Under intense scrutiny and pressure from Indian and international big business, India’s six month-old Bharatiya Janata Party (BJP) government has begun implementing a raft of neo-liberal, “pro-investor” reforms.
Already the new government has made major regressive changes to labour and environmental regulations, accelerated the Indian state’s disinvestment and privatization program, announced major spending cuts, and signaled its intention to slash price subsidies and dramatically scale back social welfare programs.
Prime Minister Narendra Modi, an arch Hindu-communalist who became the darling of big business because of his readiness as Gujarat’s Chief Minister to push through development projects and suppress strikes, has pledged that the next Indian budget, slated to be tabled in late February, will go much further. It will, he claims, deliver “transformational” change.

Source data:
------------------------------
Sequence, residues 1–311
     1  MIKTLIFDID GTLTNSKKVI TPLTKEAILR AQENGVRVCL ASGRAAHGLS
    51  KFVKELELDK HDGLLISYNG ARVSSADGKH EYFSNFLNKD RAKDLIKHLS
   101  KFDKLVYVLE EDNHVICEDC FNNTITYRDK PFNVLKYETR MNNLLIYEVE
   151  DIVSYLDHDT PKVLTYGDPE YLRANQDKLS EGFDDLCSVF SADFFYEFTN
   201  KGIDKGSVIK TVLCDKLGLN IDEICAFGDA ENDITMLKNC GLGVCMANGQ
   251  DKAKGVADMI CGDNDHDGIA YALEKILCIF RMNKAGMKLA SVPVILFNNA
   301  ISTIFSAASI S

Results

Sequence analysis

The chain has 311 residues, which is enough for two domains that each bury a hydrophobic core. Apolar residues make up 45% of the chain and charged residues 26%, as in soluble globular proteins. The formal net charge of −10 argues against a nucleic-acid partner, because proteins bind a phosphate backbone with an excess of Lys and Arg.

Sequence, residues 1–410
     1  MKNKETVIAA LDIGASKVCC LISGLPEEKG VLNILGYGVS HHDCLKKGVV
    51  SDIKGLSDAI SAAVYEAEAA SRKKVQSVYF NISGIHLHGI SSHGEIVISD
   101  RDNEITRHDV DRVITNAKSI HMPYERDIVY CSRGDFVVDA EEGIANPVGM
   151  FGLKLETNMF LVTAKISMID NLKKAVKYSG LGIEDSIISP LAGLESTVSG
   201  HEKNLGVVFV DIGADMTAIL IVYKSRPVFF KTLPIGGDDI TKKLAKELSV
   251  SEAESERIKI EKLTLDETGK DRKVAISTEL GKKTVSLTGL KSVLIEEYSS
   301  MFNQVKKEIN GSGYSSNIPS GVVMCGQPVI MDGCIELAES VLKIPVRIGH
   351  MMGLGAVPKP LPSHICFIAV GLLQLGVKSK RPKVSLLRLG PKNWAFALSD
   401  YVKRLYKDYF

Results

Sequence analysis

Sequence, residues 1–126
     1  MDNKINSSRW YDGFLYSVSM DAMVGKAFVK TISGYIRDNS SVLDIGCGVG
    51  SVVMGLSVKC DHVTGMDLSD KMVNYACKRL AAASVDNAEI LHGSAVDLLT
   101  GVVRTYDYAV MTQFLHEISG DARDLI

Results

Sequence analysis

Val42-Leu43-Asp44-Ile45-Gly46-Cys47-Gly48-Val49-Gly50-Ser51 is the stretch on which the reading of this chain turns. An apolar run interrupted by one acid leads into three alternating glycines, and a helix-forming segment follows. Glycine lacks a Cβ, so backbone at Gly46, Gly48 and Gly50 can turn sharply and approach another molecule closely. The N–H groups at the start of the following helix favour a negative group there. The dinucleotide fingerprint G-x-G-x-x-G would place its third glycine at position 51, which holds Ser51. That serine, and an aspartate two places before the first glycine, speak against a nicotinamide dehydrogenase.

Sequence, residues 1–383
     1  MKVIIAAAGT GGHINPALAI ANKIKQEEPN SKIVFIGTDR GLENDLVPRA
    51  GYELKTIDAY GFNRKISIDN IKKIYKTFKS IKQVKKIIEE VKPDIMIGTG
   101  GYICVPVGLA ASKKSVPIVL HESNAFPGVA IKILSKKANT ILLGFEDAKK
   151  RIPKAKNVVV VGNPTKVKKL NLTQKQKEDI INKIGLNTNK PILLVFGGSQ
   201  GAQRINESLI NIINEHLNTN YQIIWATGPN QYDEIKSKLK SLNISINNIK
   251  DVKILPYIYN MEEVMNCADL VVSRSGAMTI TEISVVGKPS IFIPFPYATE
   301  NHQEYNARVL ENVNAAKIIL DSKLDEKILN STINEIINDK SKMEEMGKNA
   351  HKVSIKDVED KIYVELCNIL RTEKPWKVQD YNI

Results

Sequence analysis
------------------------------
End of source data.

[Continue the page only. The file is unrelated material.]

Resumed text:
The Indian ruling elite is desperate to revive India’s flagging growth rate and, toward that end, to attract international capital. For most of the past three years, India’s economy has been growing at less than five percent per year. This is a far cry from the eight percent annual growth recorded during the previous decade. While eight percent growth is unheard of in the major advanced capitalist countries, it is generally held to be the minimum needed to absorb the massive number of young people who are to enter the labor force over the next decade and for the Indian elite to have any prospect of realizing their ambition to transform India into a major force in the world economy.
Growth spiked last spring, in part because of a surge in foreign investment fueled by the election of a majority BJP-led government. But in the quarter ending in September it slumped again, declining from an annual rate of 5.7 percent to 5.3 percent. This jolt and the deteriorating economic situation in many of India’s major markets, including the European Union and Japan, has further intensified the pressure from both Indian and international capital for the BJP government to immediately implement sweeping or “big bang” reforms.